There are many reasons why entrepreneurs may be interested in setting up a company offshore: Tax advantages, low compliance costs, a supportive banking environment, and new trade opportunities are some of the most commonly cited reasons for doing so. Here we look at what entrepreneurs need to do if they wish to set up an offshore company in Hong Kong.
The most common company type set up as an offshore company in Hong Kong is the ‘private company limited by shares. The specific advantages of doing business in Hong Kong and setting up this kind of company there, include:
- A low corporate tax rate
- No foreign exchange controls
- Smooth access to market opportunities in mainland China
- Streamlined company incorporation requirements
- A reputation as a world center for e-commerce, financial services, banking, and business account management.
What are the benefits of incorporating an offshore company in Hong Kong?
Here we consider the main reasons given by businesses for incorporating an offshore company in Hong Kong
Straightforward and streamlined company registration processes
Hong Kong is one of the easiest places in the world to set up an offshore company. This is because:
- There is no requirement for a local director (a common requirement in other countries)
- There is no requirement for a local shareholder (a common requirement elsewhere)
- There is no requirement for a director or shareholder to be present in Hong Kong at the time of formation
- There are a range of affordable options for local company secretary firms to carry out the administrative tasks related to the business
- The key regulatory authorities for offshore companies, the Companies Registry, and the Inland Revenue Department are efficient and can process applications very quickly.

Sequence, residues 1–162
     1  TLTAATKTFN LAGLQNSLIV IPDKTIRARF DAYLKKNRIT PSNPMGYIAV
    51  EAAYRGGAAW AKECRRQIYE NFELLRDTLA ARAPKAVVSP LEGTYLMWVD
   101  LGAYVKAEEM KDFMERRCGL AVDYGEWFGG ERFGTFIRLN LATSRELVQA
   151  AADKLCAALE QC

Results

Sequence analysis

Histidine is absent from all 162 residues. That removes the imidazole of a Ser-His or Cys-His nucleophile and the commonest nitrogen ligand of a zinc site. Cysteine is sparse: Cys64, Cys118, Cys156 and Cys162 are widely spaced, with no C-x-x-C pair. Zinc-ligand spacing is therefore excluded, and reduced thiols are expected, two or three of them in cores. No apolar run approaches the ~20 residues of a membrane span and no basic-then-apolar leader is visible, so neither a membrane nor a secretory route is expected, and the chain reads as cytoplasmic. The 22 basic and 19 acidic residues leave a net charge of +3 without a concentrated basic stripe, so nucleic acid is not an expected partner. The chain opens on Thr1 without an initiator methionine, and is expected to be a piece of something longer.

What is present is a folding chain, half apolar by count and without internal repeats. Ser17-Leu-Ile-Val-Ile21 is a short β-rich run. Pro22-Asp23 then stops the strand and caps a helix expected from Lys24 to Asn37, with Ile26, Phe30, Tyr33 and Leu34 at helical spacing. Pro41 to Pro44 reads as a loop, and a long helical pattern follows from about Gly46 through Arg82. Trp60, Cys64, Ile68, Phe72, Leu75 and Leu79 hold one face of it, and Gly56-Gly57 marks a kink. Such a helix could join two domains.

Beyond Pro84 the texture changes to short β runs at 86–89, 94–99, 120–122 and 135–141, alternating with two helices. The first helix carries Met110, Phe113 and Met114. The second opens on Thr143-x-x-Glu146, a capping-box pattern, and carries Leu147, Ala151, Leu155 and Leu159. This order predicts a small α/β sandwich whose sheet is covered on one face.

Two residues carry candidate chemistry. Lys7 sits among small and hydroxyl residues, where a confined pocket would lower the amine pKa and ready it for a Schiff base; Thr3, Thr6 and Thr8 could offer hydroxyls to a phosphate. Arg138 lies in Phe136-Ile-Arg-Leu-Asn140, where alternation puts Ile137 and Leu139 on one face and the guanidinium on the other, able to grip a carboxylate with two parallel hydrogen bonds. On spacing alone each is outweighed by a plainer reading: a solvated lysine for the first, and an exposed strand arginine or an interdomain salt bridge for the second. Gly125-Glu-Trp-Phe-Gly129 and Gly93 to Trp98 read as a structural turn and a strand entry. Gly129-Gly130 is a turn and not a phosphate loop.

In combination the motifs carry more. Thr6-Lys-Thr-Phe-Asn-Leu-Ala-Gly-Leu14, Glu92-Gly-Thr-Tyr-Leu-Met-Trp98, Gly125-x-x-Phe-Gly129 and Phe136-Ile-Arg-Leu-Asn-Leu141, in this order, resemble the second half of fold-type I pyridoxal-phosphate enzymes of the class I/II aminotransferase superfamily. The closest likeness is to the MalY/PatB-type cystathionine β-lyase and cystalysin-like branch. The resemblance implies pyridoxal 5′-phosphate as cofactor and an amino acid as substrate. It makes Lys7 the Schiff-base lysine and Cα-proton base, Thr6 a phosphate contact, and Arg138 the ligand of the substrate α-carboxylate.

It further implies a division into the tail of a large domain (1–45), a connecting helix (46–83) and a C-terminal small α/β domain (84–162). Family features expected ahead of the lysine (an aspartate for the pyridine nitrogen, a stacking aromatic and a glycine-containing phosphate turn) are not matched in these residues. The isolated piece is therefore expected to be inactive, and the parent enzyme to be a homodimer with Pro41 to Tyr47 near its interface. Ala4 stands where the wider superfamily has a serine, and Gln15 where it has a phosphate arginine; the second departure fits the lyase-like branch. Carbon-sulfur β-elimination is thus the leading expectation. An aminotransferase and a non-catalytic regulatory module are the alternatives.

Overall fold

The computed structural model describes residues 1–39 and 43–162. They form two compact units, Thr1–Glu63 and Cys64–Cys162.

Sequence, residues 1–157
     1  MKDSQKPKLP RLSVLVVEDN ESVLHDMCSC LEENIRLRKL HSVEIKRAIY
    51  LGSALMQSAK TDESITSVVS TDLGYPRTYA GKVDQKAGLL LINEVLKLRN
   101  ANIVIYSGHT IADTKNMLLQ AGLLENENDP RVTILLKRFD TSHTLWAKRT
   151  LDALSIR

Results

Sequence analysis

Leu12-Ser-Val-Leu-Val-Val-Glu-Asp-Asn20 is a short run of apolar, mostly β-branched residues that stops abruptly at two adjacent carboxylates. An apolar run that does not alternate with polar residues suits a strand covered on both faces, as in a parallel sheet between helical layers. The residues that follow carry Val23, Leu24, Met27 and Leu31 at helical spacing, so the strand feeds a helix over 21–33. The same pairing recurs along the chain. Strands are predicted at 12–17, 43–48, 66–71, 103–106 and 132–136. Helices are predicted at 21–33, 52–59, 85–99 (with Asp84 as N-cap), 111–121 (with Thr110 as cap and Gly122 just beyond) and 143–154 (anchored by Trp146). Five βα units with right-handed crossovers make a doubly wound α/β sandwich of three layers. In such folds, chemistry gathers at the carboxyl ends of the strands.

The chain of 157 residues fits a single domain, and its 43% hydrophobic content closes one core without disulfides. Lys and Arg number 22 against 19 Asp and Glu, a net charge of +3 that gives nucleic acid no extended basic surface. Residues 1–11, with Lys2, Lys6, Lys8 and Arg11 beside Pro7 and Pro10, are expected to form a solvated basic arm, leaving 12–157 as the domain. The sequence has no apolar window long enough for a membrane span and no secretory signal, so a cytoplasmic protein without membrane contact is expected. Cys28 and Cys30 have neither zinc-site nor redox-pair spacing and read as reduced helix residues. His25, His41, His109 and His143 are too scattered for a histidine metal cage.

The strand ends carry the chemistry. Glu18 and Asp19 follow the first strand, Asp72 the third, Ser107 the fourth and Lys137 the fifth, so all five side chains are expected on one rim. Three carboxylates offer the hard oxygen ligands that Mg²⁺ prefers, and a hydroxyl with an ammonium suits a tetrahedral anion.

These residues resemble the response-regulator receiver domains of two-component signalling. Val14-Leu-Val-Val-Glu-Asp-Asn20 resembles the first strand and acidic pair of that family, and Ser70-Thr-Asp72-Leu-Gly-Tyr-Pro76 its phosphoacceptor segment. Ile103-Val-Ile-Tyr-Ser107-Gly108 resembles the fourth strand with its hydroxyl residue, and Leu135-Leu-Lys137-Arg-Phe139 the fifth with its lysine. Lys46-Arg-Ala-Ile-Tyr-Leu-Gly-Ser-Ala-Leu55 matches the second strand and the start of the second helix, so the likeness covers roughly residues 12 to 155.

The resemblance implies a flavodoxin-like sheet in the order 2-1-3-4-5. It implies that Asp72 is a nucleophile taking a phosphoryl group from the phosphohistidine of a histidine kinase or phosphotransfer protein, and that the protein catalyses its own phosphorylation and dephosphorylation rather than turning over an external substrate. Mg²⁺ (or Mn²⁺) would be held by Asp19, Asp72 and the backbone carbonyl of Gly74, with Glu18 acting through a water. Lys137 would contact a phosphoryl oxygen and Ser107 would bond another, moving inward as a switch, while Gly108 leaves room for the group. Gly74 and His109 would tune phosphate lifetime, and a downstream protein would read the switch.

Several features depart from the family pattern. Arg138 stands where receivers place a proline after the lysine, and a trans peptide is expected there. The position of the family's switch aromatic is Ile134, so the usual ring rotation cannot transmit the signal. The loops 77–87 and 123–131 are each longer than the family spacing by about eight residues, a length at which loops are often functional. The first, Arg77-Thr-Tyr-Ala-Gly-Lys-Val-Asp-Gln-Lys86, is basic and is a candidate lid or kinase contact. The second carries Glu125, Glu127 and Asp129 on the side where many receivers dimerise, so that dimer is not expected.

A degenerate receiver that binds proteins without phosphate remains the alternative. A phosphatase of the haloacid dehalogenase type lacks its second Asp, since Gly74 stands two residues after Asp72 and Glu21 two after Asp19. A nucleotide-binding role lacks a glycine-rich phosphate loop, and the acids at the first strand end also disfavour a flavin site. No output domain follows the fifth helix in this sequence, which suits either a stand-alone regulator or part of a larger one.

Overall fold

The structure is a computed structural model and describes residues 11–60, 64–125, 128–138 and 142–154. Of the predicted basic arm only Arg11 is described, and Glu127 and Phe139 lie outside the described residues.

International trade links
Hong Kong has a well-deserved reputation as a hub for international trade and finance: Hong Kong companies are trusted and highly thought-of both internationally, and in mainland China.
While Hong Kong and mainland China operate distinct business registration systems, there is a free trade area between the two (the Closer Economic Partnership Arrangement, or ‘CEPA’), making import and export straightforward. Furthermore, Hong Kong has free trade agreements with a range of other jurisdictions including Australia, New Zealand, ASEAN, and many European countries. This gives Hong Kong offshore companies an almost unrivaled international ‘reach’.
The lack of foreign exchange controls also makes it easy to operate in multiple currencies.
Hong Kong has one of the lowest corporate income tax rates in the world (currently a maximum of 16.5 percent). Furthermore, if the company intends to hire employees, personal income taxes are also very low (with a current top bracket of 17.5 percent).
It is also worth noting that Hong Kong is not considered a ‘tax haven’, and will not be affected by the OECD’s new 15 percent global minimum corporate tax rate (as it is already above the minimum).
Hong Kong does not have any indirect taxes such as Valued-Added Tax (VAT) or Goods and Services Tax (GST), such as those that apply in the UK, the European Union, Australia, or New Zealand.